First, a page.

Tibetan Buddhism draws upon the teaching, meditation techniques and ordination vows of the Theravada, and the philosophy and cosmology of Mahayana. But it was in Tibet that many of the Vajrayana teachings were preserved and most of the distinctive qualities of Tibetan Buddhism can be found in its Vajrayana heritage.
The vajrayana path largely follows the Mahayana philosophical teachings, but there are some variations in attitude. whereas Mahayana seeks to destroy the poins of craving, aggression and ignorance, Vajrayana places an emphasis on transmuting them directly into wisdom. This is based in the Tibetan Buddhist belief that the mundane world is inseparable from enlightenment.
Tibetan Buddhism is distinguished by its many methods and techniques of spiritual development and for its great acceleration of the spiritual journey. Theoretically, the path of the Mahayana practitioner takes three incalculable eons to reach full awakening; by contrast, the path of the Vajrajana practitioner can be as short as one lifetime.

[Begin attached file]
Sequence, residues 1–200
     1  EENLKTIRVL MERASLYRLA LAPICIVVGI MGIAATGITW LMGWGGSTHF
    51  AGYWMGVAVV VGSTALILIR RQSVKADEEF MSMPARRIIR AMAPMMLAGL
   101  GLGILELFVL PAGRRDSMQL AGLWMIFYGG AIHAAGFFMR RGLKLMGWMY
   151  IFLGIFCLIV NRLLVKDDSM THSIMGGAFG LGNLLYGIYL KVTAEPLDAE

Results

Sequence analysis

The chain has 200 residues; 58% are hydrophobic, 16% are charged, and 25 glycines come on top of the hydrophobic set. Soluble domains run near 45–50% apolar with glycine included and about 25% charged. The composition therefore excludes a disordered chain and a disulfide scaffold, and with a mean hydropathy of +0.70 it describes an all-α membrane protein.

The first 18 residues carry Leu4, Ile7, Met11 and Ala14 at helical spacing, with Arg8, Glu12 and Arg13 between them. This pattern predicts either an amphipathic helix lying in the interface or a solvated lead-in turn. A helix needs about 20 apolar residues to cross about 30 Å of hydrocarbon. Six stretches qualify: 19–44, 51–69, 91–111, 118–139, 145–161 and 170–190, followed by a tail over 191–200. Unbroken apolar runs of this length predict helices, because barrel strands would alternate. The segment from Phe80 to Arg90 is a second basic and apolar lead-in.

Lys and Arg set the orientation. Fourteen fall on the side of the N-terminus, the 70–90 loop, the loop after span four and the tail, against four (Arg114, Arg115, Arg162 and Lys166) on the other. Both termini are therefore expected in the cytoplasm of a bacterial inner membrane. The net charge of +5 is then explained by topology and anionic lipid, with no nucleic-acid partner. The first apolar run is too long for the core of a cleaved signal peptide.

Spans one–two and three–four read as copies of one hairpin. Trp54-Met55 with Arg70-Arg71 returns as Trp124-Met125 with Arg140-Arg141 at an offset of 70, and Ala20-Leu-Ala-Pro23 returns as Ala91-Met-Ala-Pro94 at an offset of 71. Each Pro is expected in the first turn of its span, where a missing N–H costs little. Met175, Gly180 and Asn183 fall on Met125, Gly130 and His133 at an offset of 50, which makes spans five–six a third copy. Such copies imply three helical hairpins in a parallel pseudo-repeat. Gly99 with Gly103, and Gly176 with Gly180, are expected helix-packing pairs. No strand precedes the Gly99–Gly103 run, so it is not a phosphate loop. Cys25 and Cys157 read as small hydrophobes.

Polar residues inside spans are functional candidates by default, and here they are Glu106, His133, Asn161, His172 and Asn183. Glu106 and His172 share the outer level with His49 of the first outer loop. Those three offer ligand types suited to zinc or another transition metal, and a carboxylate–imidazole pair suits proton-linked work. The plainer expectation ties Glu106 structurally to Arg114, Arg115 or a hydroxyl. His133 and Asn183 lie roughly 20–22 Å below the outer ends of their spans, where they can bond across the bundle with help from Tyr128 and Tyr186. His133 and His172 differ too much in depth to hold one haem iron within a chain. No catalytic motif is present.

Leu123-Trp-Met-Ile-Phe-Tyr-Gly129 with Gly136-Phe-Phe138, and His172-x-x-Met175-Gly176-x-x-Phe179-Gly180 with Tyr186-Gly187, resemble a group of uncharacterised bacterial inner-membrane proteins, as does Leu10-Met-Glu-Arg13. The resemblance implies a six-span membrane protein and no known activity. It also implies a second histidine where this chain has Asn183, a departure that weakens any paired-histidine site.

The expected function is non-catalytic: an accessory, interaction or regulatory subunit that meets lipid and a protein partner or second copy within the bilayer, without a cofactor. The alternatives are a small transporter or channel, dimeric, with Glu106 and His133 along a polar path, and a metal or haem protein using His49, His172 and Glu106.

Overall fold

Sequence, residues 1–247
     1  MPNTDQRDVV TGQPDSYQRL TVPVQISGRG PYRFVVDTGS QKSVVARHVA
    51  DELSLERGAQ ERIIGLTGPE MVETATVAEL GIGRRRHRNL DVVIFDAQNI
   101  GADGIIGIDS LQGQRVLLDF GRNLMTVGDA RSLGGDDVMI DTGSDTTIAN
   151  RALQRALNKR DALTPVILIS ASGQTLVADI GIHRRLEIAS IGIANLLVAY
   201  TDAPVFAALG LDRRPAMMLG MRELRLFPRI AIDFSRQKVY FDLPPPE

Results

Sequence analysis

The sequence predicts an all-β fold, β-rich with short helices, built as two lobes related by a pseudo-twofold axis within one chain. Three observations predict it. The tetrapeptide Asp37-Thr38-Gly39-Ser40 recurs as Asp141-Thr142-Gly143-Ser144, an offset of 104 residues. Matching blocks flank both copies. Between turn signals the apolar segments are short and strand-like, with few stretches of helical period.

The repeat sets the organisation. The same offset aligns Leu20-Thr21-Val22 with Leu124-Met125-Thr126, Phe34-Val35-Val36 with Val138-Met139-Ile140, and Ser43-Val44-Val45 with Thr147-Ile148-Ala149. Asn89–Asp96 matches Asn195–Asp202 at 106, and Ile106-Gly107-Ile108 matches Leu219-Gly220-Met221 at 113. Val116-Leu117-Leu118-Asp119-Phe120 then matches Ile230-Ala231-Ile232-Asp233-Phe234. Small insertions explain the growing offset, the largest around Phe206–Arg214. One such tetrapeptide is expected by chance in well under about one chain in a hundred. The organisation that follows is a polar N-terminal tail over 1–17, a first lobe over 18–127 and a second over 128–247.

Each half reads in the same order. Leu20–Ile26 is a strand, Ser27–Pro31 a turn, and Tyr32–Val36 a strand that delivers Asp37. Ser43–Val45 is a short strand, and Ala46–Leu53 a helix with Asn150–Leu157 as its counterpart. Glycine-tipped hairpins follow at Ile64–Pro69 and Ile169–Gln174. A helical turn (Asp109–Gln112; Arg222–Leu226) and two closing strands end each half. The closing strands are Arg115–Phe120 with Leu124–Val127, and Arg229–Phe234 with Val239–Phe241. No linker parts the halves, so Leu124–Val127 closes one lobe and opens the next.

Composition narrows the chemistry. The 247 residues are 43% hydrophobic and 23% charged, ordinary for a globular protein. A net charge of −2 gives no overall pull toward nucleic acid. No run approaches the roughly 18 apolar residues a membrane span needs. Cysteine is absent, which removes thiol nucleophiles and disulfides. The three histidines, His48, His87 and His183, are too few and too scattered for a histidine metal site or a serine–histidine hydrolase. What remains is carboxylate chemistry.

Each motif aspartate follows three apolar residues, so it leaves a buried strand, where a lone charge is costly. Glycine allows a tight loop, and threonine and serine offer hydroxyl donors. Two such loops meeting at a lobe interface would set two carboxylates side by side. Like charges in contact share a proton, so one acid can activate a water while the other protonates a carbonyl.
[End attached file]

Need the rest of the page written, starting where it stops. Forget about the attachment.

In order to accelerate the process of enlightenment, Vajrayana uses advanced yoga techniques in combination with elaborate meditations. The meditations incorporate visualizations of personified archetypes of enlightenment, frequently referred to as meditational deities. These archetypes are often represented in Tibetan religious art in the form of bronze sculptures, or in painted portable scroll icons, known as thangkas. The scripture containing the esoteric teachings for yogis practices are called tantras and are part of a larger body of Buddhist sacred texts, based on the public teachings of Buddha, called sutras. Mantras, mudras and mandalas are all used as part of Tibetan Buddhist meditational practices.
Note: There are four major sects in Tibetan Buddhism and known as Nyingma, Kagyu, Sakya and Geluk.